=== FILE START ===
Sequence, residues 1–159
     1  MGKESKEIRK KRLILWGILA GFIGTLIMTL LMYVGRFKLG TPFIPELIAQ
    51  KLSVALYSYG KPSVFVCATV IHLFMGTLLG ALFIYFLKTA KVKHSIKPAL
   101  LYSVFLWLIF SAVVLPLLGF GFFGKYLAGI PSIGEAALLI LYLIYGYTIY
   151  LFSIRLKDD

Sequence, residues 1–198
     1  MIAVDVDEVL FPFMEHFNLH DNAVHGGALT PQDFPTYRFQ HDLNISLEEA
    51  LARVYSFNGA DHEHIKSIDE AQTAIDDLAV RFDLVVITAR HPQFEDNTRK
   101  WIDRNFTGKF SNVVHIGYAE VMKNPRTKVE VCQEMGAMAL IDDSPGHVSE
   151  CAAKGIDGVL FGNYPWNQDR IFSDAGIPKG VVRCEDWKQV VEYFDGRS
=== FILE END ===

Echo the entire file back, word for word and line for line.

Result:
Sequence, residues 1–159
     1  MGKESKEIRK KRLILWGILA GFIGTLIMTL LMYVGRFKLG TPFIPELIAQ
    51  KLSVALYSYG KPSVFVCATV IHLFMGTLLG ALFIYFLKTA KVKHSIKPAL
   101  LYSVFLWLIF SAVVLPLLGF GFFGKYLAGI PSIGEAALLI LYLIYGYTIY
   151  LFSIRLKDD

Sequence, residues 1–198
     1  MIAVDVDEVL FPFMEHFNLH DNAVHGGALT PQDFPTYRFQ HDLNISLEEA
    51  LARVYSFNGA DHEHIKSIDE AQTAIDDLAV RFDLVVITAR HPQFEDNTRK
   101  WIDRNFTGKF SNVVHIGYAE VMKNPRTKVE VCQEMGAMAL IDDSPGHVSE
   151  CAAKGIDGVL FGNYPWNQDR IFSDAGIPKG VVRCEDWKQV VEYFDGRS